How to Put a Collar on Your Cat
Putting a collar on your cat for the first time can be a stressful task - but it doesn't need to be! There are lots of benefits to your cat wearing a collar, according to The Humane Society "an ID tag is your cat's ticket home. All cats should wear collars and tags." So if you've been struggling to convince your feline friend to put one on, here are our top tips...
The first step is essential! Make sure you and your cat are both relaxed so that everything else goes more smoothly. Try picking a time of day when your cat is usually calm and relaxed, for some this will be just after eating or when you wake up in the morning. Using calming diffusers can also help for particularly anxious cats.
Back to Basics
If this is the first time your cat is wearing a collar, it can be beneficial to keep things as simple as possible. Try removing any additional accessories such as ID tags, bells or bow ties so that you are left with just the collar. Once your cat has got used to this, you can add the accessories like tags and bells back on.
Adjust to fit
Adjusting the length of your collar before putting it on your cat is a great idea. You probably won't get it perfect on the first try, but do your best to get it in the right ballpark. A good way to guess the length is by measuring with your fingers when you are stroking your cat. You should be able to fit one finger between your cats neck and the collar once it is fitted.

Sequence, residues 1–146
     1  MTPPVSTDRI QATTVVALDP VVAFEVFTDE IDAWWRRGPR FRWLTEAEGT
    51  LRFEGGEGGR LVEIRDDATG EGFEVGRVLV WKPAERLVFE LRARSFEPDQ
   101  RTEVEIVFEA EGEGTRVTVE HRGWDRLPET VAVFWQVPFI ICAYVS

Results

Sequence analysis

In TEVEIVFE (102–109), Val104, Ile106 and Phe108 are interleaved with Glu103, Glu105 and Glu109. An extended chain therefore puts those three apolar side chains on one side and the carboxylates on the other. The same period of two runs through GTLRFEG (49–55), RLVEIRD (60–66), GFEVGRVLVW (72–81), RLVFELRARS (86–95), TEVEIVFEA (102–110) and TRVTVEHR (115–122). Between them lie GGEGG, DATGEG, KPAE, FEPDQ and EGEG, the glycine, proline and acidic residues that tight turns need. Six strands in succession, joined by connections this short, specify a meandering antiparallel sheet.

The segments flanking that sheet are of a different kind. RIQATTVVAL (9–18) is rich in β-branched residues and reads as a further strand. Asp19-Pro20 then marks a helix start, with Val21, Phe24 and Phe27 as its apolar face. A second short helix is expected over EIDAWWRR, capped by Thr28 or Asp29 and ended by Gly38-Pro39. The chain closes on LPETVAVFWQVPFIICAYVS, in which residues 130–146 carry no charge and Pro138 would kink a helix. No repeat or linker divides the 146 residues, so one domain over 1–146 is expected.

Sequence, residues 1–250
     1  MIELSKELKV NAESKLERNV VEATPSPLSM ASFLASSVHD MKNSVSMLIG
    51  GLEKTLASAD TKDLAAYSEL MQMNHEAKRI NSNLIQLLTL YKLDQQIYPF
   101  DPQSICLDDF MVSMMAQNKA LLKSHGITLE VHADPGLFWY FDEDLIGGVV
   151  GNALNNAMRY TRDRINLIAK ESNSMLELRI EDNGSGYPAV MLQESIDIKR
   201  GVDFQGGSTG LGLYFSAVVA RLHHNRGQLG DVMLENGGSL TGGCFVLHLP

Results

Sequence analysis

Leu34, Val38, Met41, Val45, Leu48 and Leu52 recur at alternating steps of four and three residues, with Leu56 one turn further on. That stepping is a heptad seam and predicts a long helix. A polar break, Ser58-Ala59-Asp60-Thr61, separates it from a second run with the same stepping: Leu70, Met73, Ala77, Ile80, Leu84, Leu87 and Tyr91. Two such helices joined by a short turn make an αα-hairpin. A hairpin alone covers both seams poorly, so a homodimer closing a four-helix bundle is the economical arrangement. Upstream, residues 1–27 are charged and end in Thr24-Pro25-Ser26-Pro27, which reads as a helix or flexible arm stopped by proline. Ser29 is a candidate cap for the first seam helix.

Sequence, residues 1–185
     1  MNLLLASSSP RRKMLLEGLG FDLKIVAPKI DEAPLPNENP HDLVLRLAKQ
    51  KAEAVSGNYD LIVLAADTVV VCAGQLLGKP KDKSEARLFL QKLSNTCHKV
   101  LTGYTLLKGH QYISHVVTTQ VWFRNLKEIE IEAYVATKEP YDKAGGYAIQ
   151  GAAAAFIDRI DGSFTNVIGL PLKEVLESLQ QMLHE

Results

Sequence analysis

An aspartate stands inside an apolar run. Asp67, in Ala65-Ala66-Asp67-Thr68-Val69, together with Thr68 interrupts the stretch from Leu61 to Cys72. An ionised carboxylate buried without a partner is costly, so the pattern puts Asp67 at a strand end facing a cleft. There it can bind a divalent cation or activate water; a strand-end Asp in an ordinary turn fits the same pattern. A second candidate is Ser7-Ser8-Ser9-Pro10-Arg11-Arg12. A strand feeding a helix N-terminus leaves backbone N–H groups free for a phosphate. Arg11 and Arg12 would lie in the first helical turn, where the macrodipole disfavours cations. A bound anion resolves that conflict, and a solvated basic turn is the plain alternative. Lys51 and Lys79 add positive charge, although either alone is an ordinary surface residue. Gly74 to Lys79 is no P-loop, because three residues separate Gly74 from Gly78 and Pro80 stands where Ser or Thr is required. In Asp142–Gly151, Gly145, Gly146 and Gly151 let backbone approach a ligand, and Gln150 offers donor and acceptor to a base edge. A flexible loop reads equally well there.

Leave the collar somewhere for your cat to get used to it - we recommend leaving it near your cats food bowl so they associate it with something good. After doing this for a while, hold the collar up to your cat and see how they react. If they are relaxed, you can move onto the next step.
Put the collar on
Holding the 2 ends of your cats collar in each hand, slide the collar under your cats chin and do it up with as little hesitation as possible. Getting someone else to hold your cat can also be helpful. Take your time, and if your cat gets fed up it may be best to try again at a later date. Make sure to give them lots of treats throughout this process! It is normal for your cat to react by running around, trying to chew the collar, rolling around or pawing at the collar - don't panic. Give your cat some time to adjust, reward them, and these behaviours should stop fairly quickly.
Check the fit
Make sure you take the time to get the fit right for your cat. A good close fit is important for safety, but it's also comfier for your cat too! A closely fitted collar cuts down on any feelings of the collar moving across their fur which can be irritating for your cat. Make sure none of their fur has got caught when you were doing the collar up.